The events of recent weeks surrounding attempts to resolve the Donbas conflict have stirred up Ukrainian society. Persistent attempts to withdraw forces and troops, preparation for the Normandy format meeting and compliance with Russia’s requirements for this meeting, lack of clarification from the authorities on the Steinmeier’s formula and overall peace negotiation strategy create an atmosphere of mistrust, tension and expectations that peace will be achieved through concessions on the part of Ukraine.
We, the representatives of the expert and civic community, appreciate the efforts of President Volodymyr Zelenskyi to move things forward with the negotiation process. Among other things, we share the commitment to achieving a stable silence regime and ending combat along the demarcation line. At the same time, we draw attention to the obvious and hidden risks and dangers that we see in this situation. We believe that this will help avoid the Russian “traps” during the negotiations, as well as relieve internal tension in the Ukrainian society.
The President and his team stress that no elections will be held without the withdrawal of Russian troops, disarmament and border control. But it is still not clear: how exactly do the authorities see the implementation of these security steps in practice? Who will arrange, control and acknowledge the demilitarization and withdrawal of troops? Why have we stopped promoting the idea of UN peacekeepers, who, unlike the OSCE, will have a real opportunity to create a secure environment? Actually, this is these specific tools that we have to talk about. And we also need to insist that without clearly stated guarantees and mechanisms we will not be able to consider the de-occupation complete. Even if attempts to withdraw troops are confronted with Russia’s statements about the inability to guarantee anything – can we take Russia’s word for it in the issue of large-scale demilitarization?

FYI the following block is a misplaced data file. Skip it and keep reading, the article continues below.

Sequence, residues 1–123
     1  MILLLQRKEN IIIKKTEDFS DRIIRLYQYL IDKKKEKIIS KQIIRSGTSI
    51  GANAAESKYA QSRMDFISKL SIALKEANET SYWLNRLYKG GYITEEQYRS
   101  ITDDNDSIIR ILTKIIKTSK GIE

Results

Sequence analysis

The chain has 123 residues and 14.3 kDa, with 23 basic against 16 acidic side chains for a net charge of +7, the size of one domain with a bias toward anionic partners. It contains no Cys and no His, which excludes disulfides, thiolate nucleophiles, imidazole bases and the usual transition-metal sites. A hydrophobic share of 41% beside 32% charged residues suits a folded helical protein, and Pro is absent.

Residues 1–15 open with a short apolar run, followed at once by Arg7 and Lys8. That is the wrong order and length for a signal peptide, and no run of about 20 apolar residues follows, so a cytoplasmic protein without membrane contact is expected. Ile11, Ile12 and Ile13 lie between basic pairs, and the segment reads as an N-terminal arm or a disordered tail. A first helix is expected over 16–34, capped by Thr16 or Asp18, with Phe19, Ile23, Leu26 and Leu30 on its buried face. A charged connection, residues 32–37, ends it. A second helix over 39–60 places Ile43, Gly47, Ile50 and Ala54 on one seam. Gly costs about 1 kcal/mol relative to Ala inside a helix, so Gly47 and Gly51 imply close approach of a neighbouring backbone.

Although Steinmeier’s formula is not an automatic “betrayal” or “surrender”, it poses a serious risk that preparation for future elections in the occupied territories will be a central theme in the Normandy format and Minsk negotiations. Thus, through formal approval, we give Russia the upper hand to focus on the election and the enactment of the law on the so-called “special status”, rather than on everything that must precede the election.
Ukraine’s task in this situation is not to allow our negotiation group to get involved in the discussion of only one issue – elections. Of particular concern is the fact that the letter of approval of the Steinmeier’s formula first recorded: a separate, special law must be adopted for elections in the occupied territory. How did this position emerge in the negotiations? It is definitely not stated in the Minsk agreements. Why should these elections be governed by a new, separate law, rather than current electoral law? We predict that Russia will be investing heavily in this, demanding “special” rules for elections in the occupied territories. In particular, it will require that the Ukrainian authorities, strictly necessary for legitimate elections, not fully operate in the occupied territory at the time of the elections. This may be about preventing the CEC, the National Police, the courts and the State Treasury from arranging the election process.